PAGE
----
Yield management is a business process that looks to increase a company’s revenue through several different means. Many companies — especially the ones that are large or publicly held — may have specific jobs or positions that focus on this one issue. Common types of yield management positions include executives, pricing or revenue officers, and consultants. In some cases, the tasks for these jobs may overlap depending on the company and the nature of the company’s business activities. These yield management jobs typically look at setting prices and determining how a company can earn more revenue through selling goods and services.
Large companies and those publicly held usually have several executives that oversee large departments. A chief revenue officer, vice president of operations, and revenue strategy officer may be the most common yield management jobs. As executive officers, these individuals have large responsibilities to review and set pricing strategies for a company’s goods or services. In some cases, these individuals create plans to earn more revenue from different strategies, such as having closeout sales or using sliding scales in order to price products. This position is often the liaison between other executives and lower-level managers.
A pricing or revenue officer is an individual who works within a single department and sets pricing strategies. The individuals in these yield management jobs often report to an executive officer, such as the director of operations. The pricing or revenue officer may have some ability to change or alter pricing strategies within his or her division but only with the approval of the company. These individuals may also be able to work with outside vendors in order to lower production costs, so higher profit results from current revenue levels. Monthly analysis and reports help the pricing or revenue officer determine the success of certain strategies.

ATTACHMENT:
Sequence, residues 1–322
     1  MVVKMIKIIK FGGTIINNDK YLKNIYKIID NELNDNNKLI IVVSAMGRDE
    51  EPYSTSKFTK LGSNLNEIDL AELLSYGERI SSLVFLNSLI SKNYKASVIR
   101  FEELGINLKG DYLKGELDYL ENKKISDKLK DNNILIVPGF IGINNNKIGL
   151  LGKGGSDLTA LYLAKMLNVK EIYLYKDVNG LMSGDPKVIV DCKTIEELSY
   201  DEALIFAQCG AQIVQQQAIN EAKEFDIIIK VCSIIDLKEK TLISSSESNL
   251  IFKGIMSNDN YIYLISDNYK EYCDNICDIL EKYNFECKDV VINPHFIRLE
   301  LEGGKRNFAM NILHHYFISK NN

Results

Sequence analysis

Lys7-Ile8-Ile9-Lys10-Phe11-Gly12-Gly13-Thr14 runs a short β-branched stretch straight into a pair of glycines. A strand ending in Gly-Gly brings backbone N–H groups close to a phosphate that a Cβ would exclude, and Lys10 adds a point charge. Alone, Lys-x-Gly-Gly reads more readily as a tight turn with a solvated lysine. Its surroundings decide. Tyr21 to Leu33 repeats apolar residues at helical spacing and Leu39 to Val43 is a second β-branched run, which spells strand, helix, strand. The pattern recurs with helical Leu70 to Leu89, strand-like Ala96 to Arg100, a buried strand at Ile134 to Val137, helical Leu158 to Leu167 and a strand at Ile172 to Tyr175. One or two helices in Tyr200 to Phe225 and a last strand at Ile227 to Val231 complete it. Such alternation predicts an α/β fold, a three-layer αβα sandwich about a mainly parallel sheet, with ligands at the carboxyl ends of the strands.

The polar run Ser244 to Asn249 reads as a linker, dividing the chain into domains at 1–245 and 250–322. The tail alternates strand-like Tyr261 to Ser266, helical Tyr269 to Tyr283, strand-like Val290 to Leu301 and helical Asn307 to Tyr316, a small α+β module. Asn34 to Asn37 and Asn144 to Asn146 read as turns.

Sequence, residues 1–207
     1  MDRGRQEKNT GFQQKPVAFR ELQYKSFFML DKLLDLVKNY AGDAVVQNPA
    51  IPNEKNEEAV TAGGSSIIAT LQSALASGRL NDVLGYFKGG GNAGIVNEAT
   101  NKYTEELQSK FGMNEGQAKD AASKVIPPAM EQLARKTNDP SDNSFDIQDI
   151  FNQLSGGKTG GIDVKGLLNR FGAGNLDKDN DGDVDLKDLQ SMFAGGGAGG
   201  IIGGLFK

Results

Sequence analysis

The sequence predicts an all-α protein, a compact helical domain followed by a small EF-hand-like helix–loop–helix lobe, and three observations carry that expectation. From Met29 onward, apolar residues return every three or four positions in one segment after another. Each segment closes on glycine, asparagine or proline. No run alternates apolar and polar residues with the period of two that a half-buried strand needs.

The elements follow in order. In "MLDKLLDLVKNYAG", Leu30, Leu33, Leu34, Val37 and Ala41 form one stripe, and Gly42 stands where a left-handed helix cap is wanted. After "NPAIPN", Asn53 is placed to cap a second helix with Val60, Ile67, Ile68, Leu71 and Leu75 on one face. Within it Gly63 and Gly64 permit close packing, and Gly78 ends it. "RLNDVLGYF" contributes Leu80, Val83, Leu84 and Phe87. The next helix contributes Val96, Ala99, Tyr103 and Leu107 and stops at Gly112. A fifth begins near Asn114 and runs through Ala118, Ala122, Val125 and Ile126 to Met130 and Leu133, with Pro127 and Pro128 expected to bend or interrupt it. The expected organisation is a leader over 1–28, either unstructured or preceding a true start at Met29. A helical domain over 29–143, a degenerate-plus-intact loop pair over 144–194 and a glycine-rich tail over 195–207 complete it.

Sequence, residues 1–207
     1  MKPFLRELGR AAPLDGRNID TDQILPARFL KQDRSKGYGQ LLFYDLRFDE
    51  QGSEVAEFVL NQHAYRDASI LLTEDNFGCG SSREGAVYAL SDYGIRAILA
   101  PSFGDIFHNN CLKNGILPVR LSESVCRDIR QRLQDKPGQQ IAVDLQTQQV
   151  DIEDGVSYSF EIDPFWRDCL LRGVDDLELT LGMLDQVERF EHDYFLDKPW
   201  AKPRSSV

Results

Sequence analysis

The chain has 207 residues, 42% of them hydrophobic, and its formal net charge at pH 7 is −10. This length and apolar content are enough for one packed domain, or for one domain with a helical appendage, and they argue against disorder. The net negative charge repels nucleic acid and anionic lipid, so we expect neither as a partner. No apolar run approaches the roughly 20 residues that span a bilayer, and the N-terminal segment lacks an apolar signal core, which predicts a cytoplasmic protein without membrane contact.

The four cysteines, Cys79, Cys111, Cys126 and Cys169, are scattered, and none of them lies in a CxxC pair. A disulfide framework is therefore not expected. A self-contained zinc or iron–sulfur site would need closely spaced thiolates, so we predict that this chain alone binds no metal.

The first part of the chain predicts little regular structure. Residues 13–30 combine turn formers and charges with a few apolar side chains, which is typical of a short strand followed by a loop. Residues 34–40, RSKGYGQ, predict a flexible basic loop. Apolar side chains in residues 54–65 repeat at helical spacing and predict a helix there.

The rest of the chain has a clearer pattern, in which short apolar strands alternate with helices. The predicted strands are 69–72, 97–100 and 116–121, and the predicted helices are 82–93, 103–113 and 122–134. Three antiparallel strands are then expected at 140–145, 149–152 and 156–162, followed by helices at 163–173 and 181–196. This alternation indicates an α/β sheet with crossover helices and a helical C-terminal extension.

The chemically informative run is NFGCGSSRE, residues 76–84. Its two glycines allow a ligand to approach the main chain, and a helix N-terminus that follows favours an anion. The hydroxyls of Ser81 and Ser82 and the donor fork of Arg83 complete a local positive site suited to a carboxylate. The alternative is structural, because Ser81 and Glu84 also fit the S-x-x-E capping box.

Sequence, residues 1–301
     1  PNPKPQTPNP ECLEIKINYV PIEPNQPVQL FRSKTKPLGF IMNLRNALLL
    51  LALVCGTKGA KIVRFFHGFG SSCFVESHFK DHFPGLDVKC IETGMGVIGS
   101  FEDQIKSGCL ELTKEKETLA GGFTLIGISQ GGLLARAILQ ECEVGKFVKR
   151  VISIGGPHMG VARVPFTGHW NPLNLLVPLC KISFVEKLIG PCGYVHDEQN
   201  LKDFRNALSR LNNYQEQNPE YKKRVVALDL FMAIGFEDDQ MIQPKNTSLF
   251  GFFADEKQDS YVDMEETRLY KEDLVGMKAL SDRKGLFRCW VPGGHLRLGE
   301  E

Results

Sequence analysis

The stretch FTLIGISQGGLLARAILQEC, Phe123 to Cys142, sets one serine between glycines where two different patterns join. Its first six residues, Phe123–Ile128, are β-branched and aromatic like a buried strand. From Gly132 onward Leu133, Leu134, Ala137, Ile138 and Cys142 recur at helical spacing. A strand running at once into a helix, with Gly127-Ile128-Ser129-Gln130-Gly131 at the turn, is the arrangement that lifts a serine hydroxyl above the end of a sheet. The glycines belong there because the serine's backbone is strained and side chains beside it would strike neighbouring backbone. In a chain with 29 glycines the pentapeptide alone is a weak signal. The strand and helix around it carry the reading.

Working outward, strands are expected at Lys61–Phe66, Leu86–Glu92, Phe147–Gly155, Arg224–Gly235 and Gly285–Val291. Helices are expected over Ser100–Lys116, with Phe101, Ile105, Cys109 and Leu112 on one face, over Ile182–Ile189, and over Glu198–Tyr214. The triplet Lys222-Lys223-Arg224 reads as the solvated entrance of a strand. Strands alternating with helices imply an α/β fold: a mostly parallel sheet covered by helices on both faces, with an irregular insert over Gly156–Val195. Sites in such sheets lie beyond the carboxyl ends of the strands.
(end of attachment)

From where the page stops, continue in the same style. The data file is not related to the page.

Consultants in yield management jobs work independently from companies in most cases. These individuals make suggestions and offer solutions to a company’s revenue needs. Consultants are important as they may have more data or information on how a company should act or react to certain market conditions. Smaller companies or those with excessive growth in new industries may seek a consultant for yield management purposes. In some cases, the consultant may work in an ongoing relationship with a company as there is a need for several different tasks that require outside knowledge for yield management jobs.